It has felt surreal and even laughable to many Virginians that a newly Democrat-dominated state government might push through the criminalization of gun possession with proposed sweeping partial bans and regulations. But this is 2019 in Virginia, and these days we are used to things being very absurd and very surreal. The Democrats who are proposing these laws rode in on a wave of massive structural changes, redistricting, and also growing anger at Dominion Energy’s corporate influence. The gateway to the south, the gateway to the north. Virginia exists between a suburban future and the pastoral farming past, at the intersection of old world bigotry and patronage and hyper-modern capitalism. To be young here is to have your teenage years defined by several mass shootings, a street battle against the largest gathering of fascists in a century, cynical political experimenting with gentrification and Democratic party politicking. Two multi-billion dollar energy pipelines complete with mercenaries and the private surveillance force their way thru the countryside. Local police are funded to test new and more nefarious forms of incarceration and policing. And the very heart of America’s intelligence, military and political network cross over the Potomac each night to sleep. Very little is simple here, certainly not guns.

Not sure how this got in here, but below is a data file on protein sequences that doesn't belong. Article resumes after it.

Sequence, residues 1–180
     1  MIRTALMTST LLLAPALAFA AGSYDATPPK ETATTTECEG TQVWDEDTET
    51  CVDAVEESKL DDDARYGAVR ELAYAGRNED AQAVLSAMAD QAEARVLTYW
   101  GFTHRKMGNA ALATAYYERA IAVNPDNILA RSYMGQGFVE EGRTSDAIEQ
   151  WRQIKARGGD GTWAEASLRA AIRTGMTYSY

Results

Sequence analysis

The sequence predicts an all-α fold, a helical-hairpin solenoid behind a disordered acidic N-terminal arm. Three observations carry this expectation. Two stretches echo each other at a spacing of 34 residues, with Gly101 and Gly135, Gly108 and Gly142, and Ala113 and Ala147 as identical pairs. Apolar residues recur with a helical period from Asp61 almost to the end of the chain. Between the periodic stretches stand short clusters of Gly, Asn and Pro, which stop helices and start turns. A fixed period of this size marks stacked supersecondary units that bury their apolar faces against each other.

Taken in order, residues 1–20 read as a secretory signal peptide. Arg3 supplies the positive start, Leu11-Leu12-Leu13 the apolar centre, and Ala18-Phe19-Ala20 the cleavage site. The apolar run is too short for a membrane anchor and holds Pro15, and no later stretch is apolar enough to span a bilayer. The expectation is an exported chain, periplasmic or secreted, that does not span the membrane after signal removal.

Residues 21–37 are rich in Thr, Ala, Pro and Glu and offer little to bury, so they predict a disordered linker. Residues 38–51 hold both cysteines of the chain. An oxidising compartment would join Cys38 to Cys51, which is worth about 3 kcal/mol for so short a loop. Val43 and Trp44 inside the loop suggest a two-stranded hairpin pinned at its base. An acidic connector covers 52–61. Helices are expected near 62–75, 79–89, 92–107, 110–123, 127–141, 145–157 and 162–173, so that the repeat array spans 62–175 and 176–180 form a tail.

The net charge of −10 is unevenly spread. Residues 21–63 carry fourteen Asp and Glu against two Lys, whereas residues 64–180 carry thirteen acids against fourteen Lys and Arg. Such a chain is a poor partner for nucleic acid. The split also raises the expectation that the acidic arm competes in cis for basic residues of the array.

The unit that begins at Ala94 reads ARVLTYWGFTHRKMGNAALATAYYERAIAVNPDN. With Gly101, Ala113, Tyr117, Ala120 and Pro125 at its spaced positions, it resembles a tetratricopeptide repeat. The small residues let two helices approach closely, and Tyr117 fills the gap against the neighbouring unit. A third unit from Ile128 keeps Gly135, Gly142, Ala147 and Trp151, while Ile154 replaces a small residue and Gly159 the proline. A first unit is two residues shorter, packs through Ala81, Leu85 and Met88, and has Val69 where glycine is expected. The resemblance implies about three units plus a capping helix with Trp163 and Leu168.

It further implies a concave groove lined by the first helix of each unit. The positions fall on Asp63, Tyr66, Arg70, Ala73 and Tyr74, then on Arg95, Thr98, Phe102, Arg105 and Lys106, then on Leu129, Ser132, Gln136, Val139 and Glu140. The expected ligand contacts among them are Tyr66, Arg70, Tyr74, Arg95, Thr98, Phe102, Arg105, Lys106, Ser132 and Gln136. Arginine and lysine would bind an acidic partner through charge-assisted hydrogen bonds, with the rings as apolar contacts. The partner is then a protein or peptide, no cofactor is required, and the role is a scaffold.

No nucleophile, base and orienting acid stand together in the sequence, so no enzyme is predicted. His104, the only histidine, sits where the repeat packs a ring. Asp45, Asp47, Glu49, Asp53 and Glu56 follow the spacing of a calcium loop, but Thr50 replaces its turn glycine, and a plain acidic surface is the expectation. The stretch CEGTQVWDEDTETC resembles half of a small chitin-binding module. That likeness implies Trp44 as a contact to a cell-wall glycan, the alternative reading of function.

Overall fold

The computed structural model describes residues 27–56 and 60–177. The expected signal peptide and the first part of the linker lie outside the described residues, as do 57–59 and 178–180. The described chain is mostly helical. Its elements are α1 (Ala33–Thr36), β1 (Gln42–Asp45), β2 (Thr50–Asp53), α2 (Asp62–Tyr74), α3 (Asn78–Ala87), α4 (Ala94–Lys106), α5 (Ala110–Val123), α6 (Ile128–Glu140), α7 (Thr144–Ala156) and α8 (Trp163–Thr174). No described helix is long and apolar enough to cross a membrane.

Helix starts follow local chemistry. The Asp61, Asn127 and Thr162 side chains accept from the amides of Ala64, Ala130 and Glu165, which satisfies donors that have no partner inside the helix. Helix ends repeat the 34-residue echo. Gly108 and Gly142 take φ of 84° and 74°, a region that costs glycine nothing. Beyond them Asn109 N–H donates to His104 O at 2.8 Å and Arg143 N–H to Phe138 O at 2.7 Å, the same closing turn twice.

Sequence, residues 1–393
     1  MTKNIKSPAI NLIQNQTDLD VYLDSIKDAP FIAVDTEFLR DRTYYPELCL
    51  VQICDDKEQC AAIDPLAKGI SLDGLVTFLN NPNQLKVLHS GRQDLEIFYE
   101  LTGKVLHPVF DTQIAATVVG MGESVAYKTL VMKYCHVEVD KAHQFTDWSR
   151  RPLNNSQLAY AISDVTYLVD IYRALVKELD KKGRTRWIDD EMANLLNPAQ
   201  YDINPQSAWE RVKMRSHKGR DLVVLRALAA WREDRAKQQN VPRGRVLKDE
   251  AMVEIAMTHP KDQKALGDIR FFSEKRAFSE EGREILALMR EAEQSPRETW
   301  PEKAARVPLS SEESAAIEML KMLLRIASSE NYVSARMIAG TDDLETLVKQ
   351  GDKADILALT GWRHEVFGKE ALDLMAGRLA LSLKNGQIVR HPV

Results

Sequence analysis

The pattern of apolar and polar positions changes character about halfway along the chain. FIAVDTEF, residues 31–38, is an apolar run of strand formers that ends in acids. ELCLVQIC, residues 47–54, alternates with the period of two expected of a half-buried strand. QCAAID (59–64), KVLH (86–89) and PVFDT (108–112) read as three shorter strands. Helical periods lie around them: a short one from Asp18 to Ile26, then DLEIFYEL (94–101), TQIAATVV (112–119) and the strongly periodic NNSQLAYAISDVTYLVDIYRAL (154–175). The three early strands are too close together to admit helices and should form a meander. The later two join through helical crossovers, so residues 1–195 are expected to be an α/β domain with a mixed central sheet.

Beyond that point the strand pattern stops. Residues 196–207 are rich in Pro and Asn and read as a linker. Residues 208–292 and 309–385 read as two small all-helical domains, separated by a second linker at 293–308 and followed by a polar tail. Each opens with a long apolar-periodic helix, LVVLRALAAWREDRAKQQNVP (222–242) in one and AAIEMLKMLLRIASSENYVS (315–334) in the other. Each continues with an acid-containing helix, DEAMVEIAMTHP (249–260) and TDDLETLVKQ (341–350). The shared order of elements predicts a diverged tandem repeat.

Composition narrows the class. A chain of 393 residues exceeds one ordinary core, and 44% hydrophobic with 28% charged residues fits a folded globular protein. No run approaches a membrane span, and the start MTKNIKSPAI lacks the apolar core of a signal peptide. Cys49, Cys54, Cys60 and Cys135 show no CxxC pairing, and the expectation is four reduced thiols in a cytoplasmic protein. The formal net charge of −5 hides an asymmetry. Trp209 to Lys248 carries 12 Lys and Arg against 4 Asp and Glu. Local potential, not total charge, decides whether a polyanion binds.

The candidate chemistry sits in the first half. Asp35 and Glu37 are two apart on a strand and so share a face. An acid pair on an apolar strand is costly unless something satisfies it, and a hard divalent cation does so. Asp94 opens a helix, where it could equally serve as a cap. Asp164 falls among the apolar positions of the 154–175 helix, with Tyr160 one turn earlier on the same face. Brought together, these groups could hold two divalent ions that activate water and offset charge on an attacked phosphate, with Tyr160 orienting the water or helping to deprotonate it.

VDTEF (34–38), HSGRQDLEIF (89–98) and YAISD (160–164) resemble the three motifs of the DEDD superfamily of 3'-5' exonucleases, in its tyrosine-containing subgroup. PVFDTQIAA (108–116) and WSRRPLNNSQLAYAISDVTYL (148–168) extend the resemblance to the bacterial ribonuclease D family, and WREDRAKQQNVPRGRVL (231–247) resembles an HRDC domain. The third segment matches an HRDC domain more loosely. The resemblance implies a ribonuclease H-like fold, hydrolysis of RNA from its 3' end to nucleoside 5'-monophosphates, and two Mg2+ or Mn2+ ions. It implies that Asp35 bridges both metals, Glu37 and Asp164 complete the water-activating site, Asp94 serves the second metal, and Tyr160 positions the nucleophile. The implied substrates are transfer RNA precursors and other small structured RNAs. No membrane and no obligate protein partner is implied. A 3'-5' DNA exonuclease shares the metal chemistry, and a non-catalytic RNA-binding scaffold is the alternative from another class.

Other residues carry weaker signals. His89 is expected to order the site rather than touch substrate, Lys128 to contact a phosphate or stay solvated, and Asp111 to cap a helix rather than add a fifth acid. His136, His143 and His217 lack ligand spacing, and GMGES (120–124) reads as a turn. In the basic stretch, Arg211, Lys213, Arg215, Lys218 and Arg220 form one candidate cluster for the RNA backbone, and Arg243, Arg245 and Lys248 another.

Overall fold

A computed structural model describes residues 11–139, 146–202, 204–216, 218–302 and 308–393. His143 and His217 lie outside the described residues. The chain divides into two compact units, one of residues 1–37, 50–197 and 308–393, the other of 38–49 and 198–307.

In order to understand what is happening, look to Culpeper. A small town, just close enough to DC to commute, but just far enough away to remain semi-rural. In response to the proposed bill, the Culpeper sheriff has declared his intention to offer a deputization and training course to local gun owners. He is, he says, confident that he could deputize 1,000 participants in the near future with this course. Besides flirting strongly with para-militarism, this proposal offers a taste of the type of resistance this bill will face. A cascade of murky and dangerous consequences threaten to pour out in response to a state legislature pressuring police to enforce an unpopular and extreme proposal.